GUIDING EQUATION 
DISTRIBUTION 
Matrix 
μ m to mm 
Long 
Darcian flow field. Laminar 
Continuous medium 

Fracture 
10 μm to 10 mm 
Intermediate 
Cube law. Mostly laminar; may be nonlinear components 
Localized but statistically distributed. 

Conduit 
10 mm to 10 m 
Short 
DarcyWeisbach. Open channel and pipe flow. Turbulent 
Localized 
Calculations
The framework used for the calculations is shown in Fig. 1. A fixed crosssection of aquifer is assumed. The aquifer is taken as rectangular, 100 meters thick and one kilometer wide, giving a crosssectional area of 105 m2. The aquifer crosssection is an adjustable boundary and can be set to any value, providing that the area is large compared to solution features that are embedded in it. The head is assumed to be constant and uniform across the aquifer area. This is an extreme assumption but one that eliminates concern for the water table and also the variable heads that would be characteristic of most aquifers containing conduits. The rock matrix is characterized by an adjustable hydraulic conductivity. Varying proportions of fractures and conduits of adjustable fracture apertures and conduit diameters are the calculational parameters. A further assumption is that there is sufficient recharge behind the aquifer crosssection to provide whatever flow is called for by the calculations.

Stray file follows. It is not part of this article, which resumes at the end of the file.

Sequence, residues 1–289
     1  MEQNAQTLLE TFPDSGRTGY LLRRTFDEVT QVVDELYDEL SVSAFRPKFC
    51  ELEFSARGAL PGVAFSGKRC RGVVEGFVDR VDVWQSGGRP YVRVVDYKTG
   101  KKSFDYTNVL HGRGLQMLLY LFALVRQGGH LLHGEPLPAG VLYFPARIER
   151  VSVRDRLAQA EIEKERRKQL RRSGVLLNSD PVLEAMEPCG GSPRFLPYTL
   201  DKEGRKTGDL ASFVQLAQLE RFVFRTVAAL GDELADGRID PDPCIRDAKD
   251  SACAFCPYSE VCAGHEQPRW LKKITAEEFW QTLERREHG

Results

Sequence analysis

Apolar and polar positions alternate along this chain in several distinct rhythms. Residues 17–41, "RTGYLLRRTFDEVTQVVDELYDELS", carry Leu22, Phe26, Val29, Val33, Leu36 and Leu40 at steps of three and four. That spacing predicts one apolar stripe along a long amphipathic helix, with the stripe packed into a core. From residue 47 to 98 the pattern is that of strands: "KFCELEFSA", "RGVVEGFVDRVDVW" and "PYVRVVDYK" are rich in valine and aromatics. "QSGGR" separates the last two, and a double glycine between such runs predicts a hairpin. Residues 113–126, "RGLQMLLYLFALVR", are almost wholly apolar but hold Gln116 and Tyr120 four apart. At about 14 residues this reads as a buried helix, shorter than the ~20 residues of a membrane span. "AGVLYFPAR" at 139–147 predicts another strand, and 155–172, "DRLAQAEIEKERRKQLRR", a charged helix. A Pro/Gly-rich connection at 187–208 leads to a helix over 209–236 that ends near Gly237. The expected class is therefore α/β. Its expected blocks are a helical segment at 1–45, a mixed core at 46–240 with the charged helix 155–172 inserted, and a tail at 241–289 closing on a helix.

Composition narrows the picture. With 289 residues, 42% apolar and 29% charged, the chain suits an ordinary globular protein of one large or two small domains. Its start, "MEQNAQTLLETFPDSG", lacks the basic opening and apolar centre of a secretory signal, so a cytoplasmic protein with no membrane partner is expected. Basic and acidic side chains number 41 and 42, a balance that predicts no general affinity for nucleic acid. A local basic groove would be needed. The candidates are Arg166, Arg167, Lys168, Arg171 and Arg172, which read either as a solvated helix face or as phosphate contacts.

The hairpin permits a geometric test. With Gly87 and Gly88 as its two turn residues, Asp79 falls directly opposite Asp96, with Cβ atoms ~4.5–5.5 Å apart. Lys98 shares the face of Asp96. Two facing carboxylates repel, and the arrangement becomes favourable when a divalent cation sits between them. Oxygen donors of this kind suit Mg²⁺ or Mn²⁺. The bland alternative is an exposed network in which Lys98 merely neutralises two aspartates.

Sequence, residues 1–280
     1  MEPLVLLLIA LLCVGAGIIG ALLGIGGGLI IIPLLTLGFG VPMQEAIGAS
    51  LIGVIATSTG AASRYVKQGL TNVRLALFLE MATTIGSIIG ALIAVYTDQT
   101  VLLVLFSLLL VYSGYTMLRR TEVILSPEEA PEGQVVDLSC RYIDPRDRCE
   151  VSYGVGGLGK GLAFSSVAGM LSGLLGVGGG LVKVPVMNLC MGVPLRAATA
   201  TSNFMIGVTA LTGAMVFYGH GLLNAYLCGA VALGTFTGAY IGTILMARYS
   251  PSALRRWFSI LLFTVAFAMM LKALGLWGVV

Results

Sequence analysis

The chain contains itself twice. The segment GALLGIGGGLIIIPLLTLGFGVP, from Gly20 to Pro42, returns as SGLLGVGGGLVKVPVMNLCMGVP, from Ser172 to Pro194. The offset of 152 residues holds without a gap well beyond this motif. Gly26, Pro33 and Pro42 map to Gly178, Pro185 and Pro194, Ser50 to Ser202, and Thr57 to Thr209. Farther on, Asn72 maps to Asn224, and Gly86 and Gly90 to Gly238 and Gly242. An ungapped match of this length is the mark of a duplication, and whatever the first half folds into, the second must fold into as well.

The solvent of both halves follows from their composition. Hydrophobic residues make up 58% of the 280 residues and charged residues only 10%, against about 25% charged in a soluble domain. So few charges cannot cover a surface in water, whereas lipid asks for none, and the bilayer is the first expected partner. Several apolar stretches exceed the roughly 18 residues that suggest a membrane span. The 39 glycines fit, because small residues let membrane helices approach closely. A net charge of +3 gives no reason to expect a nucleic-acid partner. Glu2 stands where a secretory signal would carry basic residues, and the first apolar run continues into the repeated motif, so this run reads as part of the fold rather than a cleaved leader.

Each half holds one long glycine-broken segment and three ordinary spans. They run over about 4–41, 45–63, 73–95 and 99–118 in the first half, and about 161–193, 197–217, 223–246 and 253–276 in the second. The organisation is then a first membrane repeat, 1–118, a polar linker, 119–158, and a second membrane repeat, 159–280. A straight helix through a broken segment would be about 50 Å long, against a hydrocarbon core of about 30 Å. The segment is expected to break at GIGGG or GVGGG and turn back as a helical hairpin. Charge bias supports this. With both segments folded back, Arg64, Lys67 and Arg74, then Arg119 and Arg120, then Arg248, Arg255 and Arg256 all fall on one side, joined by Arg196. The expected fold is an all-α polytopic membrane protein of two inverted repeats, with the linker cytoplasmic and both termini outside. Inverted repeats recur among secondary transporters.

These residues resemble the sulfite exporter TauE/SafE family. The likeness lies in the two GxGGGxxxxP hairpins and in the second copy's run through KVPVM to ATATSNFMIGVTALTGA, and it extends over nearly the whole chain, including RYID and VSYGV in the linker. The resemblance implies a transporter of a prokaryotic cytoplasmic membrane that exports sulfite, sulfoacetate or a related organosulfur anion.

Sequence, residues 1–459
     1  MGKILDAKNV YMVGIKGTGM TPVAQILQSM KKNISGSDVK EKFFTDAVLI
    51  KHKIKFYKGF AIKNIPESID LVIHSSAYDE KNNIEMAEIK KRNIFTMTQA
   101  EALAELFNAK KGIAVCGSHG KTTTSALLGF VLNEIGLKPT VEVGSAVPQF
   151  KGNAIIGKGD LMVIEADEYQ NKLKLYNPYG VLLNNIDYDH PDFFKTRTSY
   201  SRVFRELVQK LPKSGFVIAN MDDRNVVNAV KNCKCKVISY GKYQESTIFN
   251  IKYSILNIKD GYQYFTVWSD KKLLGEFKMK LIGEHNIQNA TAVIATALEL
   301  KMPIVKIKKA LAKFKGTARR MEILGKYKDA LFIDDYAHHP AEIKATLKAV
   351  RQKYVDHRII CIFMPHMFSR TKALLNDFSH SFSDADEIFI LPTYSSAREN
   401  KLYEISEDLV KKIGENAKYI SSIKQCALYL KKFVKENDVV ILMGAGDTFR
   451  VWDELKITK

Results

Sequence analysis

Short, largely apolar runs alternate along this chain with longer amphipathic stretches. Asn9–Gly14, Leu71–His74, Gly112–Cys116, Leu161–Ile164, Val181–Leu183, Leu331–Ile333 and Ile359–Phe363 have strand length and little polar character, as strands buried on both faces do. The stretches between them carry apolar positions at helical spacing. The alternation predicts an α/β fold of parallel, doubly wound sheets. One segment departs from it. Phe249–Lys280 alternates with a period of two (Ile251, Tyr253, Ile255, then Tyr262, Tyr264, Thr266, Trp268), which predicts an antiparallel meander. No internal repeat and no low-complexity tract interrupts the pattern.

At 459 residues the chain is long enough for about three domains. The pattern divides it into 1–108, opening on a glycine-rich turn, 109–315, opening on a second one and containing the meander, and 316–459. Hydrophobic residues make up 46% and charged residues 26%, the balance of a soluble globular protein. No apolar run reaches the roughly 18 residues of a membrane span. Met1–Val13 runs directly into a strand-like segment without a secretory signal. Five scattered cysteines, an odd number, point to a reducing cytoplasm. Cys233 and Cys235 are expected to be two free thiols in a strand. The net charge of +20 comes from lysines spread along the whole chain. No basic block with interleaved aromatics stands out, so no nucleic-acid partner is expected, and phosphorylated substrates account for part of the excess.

The guiding equations for the permeability (Table 1) show that the flow rate, Q, varies linearly with the head in laminar flow but with the square root of the head in turbulent flow. The head becomes a scaling variable. The head, or hydraulic gradient, dh/dL, is here set equal to 0.01, a nominal value for small karstic drainage basins. The guiding equations contain the density and viscosity of water, both of which are functions of temperature. A temperature of 10 ˚C was selected as typical of karst ground waters but the variation in the parameters over the range of temperatures expected in karst aquifers is relatively small.
Fig. 1. Sketch showing the aquifer crosssection used for calculations.
The matrix component
Ground water flow through the limestone or dolomite bedrock is not intrinsically different from ground water flow in any other aquifer. The guiding equation is Darcy?s law. However, calculations must use hydraulic conductivities for the rock. Such data are sparse. Most hydraulic conductivities are based on pump tests on wells and those data are dominated by the fracture flow component. Intrinsic hydraulic conductivities of the bulk rock must be measured on core samples in the laboratory. Some representative data are shown in Table 2.